Catalan Referendum Animates Flemish, Leaves Dutch Cold

View of Antwerp, Belgium, March 28, 2014
View of Antwerp, Belgium, March 28, 2014 (Visit Flanders)

The Dutch aren’t sure what to make of Catalonia’s independence bid. Only in the last few days have their news media started paying attention to what’s happening in the region.

Flemish media are more interested. Maybe because they have pragmatically managed their differences with the French-speaking Walloons for decades and are wondering why the Catalans and Spanish can’t do the same? Read more

Democrats Should Campaign for Dutch-Style Health Reforms

Dutch girls cycling in Amsterdam, June 13, 2014
Dutch girls cycling in Amsterdam, June 13, 2014 (Shirley de Jong)

The other day, I explained that the reason Americans can’t get a European-style health-care system is not opposition from insurance companies but the fears of 155 million Americans who currently get health insurance through their employers. They worry that a single-payer system, like Britain’s, would mean higher taxes and lower-quality care.

Such fears — largely unfounded — would undoubtedly be amplified by drug companies, health providers and insurance companies if the Democrats campaigned for “Medicare for all”.

So instead of having an abstract, and probably pointless, debate about which health-care system is superior, why not look at what advocates of single-payer hope to achieve and see if this can’t be done without eliminating private insurance? Read more

Negotiations for Labor Reform Break Down in Netherlands

The port of Rotterdam in the early morning, March 14, 2014
The port of Rotterdam in the early morning, March 14, 2014 (Haaijk)

Labor negotiations between employers’ organizations and trade unions have broken down in the Netherlands.

Both sides blame the other, but employers had the bigger incentive to let the talks collapse.

Without a deal, it will be up to the next government to impose reforms and the four parties negotiating to form a government are center-right. They are expected to enact more employer- than worker-friendly changes. Read more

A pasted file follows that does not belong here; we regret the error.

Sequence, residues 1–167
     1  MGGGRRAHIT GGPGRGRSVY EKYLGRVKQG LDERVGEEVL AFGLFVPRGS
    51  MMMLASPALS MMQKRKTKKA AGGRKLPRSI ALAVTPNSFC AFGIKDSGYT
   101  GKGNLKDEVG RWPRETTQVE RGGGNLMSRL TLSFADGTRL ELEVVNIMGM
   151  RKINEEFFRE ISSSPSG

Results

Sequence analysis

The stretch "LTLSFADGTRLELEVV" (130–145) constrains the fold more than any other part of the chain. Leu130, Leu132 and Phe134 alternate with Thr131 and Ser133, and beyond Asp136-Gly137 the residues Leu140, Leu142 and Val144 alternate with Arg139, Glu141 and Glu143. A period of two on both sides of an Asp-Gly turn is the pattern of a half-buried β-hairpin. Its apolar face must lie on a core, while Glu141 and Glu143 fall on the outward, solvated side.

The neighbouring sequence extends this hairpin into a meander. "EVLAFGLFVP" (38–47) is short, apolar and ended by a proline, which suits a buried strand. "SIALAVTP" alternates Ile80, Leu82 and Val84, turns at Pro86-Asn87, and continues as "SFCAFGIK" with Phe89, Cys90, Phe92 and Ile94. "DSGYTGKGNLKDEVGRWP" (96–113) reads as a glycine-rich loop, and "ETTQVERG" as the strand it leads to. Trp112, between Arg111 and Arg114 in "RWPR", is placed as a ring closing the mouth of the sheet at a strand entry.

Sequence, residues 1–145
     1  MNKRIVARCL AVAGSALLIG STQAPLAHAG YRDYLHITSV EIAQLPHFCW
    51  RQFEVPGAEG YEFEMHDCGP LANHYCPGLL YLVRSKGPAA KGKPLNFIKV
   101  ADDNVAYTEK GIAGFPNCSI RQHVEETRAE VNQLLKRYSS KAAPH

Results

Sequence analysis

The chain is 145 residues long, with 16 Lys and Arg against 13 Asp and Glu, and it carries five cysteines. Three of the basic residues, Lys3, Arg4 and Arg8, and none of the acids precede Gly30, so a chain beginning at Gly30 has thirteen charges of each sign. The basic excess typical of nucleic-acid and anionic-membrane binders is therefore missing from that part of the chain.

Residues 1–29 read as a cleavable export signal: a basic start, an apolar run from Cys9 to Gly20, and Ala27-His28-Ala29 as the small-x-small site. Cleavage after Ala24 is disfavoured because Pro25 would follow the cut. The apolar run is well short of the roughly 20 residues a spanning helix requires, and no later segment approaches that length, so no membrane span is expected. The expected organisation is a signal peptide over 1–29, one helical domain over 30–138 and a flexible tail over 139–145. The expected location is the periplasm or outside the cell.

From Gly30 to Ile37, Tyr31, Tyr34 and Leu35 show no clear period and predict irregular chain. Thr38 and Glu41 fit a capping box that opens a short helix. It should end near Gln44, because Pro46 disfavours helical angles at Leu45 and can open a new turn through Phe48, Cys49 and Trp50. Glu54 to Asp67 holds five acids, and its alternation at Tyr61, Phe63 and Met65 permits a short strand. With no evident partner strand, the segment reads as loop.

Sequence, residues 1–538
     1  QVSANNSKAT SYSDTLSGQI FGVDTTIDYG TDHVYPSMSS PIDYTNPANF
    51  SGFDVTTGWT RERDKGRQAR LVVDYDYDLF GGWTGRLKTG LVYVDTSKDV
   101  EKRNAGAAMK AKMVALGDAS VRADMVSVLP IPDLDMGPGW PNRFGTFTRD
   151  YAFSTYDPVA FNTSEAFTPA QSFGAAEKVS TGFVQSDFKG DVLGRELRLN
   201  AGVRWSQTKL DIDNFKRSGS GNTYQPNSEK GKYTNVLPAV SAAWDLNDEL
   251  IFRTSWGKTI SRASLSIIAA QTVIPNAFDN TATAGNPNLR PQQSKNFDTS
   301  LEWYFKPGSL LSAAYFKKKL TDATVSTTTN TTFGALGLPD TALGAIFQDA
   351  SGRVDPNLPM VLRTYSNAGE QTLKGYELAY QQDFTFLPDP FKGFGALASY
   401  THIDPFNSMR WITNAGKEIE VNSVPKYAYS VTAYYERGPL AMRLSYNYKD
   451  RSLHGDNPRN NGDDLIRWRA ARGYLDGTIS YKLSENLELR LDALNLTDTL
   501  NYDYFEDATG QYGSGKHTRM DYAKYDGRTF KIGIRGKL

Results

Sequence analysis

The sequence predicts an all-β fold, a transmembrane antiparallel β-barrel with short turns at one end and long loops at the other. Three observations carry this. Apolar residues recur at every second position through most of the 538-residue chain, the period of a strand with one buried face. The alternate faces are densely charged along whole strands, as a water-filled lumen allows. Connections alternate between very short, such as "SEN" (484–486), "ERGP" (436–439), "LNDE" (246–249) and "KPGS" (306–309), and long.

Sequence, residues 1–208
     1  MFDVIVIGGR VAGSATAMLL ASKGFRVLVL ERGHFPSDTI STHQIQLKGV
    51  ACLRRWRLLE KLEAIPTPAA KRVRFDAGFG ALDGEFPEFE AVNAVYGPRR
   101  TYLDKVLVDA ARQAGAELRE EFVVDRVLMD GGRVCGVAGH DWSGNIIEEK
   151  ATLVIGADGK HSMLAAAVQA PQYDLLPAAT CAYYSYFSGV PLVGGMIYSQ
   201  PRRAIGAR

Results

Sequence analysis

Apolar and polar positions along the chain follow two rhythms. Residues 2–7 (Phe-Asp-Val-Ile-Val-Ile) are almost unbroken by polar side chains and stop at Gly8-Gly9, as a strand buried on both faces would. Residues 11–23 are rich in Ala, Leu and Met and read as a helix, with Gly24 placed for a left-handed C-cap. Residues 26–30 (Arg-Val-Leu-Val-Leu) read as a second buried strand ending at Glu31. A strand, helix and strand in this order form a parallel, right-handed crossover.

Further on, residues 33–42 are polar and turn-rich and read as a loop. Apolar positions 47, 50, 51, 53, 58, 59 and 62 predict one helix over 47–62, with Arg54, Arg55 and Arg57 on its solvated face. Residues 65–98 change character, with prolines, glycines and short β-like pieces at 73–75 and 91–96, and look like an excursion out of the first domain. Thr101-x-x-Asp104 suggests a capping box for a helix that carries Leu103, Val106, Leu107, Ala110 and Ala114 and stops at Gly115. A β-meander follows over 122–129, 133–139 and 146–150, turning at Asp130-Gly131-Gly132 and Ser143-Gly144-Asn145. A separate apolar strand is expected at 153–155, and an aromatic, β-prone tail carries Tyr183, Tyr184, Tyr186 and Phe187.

Dutch Seek New Role for Themselves in Europe of Brexit and Macron

Dutch prime minister Mark Rutte gives a speech to leaders of the Baltic nations, Belgium, Denmark, Finland, Luxembourg and Sweden in The Hague, June 21
Dutch prime minister Mark Rutte gives a speech to leaders of the Baltic nations, Belgium, Denmark, Finland, Luxembourg and Sweden in The Hague, June 21 (Presidency of Lithuania/Robertas Dačkus)

Brexit and a reinvigorated Franco-German partnership have caused the Dutch to seek a new role for themselves in Europe.

For years, the trading nation could rely on the United Kingdom to provide a counterweight to the Mediterranean bloc and its protectionist tendencies. Now the fear in The Hague is that Britain’s exit from the EU will lead to a renewed focus on political, as opposed to economic, integration. Read more

Dutch Liberal, Christian Parties Start Talks to Form Government

Former Dutch finance minister Gerrit Zalm speaks at an event in Rotterdam, March 10, 2016
Former Dutch finance minister Gerrit Zalm speaks at an event in Rotterdam, March 10, 2016 (Rotterdams Philharmonisch Orkest)

Parties in the Netherlands have asked former finance minister Gerrit Zalm to lead negotiations for forming a government, signaling their seriousness to do a deal before the start of the fiscal year in September. Read more

Dutch Left Forces Liberals into Coalition with Christian Right

Dutch prime minister Mark Rutte answers questions in the European Parliament in Strasbourg, July 5, 2016
Dutch prime minister Mark Rutte answers questions in the European Parliament in Strasbourg, July 5, 2016 (European Parliament)

The Dutch center-right is due to start negotiations with the Christian right to form a majority government after all three left-wing parties have spurned talks. Read more

Dutch Center-Right Parties Eye Labor for Pact

Mark Rutte and Lodewijk Asscher, the prime minister and social affairs minister of the Netherlands, attend a summit in Brussels, March 16, 2016
Mark Rutte and Lodewijk Asscher, the prime minister and social affairs minister of the Netherlands, attend a summit in Brussels, March 16, 2016 (European Council)

It is starting to look like there may be no way to form a majority government in the Netherlands without the recently vanquished Labor Party. Read more